Madness. Madness! Bliss is an 18 year old sophomore who showed utter disrespect and defiance of his instructor. Whether she is a good teacher or not, whether she was unfair in her assignments, whether she is a blight on her profession or not, Jeff Bliss was absolutely insubordinate, rude, defiant, disrespectful and outside any defensible standard of student conduct by staging his rant. He knows little or nothing about teaching, education, the workplace or life: he hasn’t graduated from high school, or held a steady job. He doesn’t even understand the basic difference between authority and those who must submit to it, between teacher and student, adult and child, supervisor and subordinate. He is arrogant and unjustifiably convinced of his own wisdom, though he has accomplished nothing to justify such certitude.  If he pulled such a stunt in the military, he’d end up in prison; it he tried it in the work place, he’d be fired; if he pulled it in college, he’d be expelled. For the school not to discipline a student who behaves this way in class…worse, to praise him, which is what the school district has done so far, completely undermines not only his teacher but every teacher in the district, the state and the nation. It also undermines him, rewarding him for conduct that will be ruinous later in life. The message: tell off your teacher and be a media star! Schools will discipline students for wearing the picture of a rifle on a T-shirt, but embarrassing and defying a teacher is all aces with them, apparently.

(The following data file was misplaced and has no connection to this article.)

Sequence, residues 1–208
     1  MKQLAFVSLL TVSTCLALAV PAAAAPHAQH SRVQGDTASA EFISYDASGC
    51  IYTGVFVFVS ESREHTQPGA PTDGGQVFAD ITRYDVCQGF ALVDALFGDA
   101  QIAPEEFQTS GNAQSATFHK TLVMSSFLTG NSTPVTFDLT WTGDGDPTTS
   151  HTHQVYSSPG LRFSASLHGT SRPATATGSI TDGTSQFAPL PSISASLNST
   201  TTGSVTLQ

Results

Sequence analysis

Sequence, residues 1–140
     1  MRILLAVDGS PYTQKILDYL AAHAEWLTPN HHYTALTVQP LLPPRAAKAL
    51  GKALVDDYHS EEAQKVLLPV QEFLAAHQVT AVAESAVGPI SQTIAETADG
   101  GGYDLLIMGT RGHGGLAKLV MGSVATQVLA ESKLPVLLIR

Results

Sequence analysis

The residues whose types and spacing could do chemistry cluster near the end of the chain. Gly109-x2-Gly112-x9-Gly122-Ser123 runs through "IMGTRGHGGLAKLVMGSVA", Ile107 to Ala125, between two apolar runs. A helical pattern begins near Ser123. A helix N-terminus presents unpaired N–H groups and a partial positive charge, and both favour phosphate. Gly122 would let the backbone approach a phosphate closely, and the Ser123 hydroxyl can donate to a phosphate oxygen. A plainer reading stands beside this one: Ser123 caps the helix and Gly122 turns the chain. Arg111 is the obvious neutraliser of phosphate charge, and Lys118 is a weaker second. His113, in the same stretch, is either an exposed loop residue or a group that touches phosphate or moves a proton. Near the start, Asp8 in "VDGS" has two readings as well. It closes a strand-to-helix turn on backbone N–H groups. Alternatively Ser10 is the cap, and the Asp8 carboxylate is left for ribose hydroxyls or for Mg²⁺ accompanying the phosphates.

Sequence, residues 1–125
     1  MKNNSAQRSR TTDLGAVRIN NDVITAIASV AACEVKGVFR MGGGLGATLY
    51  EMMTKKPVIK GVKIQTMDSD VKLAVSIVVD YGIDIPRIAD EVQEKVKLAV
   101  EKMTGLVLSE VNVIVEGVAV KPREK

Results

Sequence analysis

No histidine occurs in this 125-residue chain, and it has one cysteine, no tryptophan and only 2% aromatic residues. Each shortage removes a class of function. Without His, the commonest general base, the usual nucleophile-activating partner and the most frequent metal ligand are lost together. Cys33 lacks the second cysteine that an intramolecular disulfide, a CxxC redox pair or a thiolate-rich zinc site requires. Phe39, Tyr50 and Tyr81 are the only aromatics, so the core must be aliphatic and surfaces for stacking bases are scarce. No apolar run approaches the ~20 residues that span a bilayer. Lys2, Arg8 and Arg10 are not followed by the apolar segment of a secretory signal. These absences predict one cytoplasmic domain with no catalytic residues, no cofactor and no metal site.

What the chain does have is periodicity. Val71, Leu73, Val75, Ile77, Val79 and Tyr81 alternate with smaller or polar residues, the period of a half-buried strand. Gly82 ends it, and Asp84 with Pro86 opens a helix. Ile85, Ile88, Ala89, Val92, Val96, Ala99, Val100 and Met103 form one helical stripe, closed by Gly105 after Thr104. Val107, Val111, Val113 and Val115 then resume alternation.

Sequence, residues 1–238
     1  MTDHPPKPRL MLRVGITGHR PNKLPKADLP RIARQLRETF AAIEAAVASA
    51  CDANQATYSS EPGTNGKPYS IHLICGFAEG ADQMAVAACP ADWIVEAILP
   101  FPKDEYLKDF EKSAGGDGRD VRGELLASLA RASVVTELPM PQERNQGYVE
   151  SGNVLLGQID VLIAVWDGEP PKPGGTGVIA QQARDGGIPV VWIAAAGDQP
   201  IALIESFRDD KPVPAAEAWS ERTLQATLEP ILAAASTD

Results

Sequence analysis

Teachers are not allowed to insist on decorum and respect from their students. School administrators don’t have the professionalism to support their teachers, the sense to punish intentionally disruptive students, or the courage to tell a mob of wrong-headed people that an over-age sophomore does not know what he’s talking about, does not have the standing to tell any teacher how to do her job, and is obligated to shut up, listen and do as he’s told.

And the Today Show—of course!— should not throw its  cultural weight, undeserved as it is, behind classroom insurrections by making a media figure out of this entitled, presumptuous teacher’s nightmare, so other similarly entitled students will be motivated to figure out ways to cash in by pulling their own class room stunts.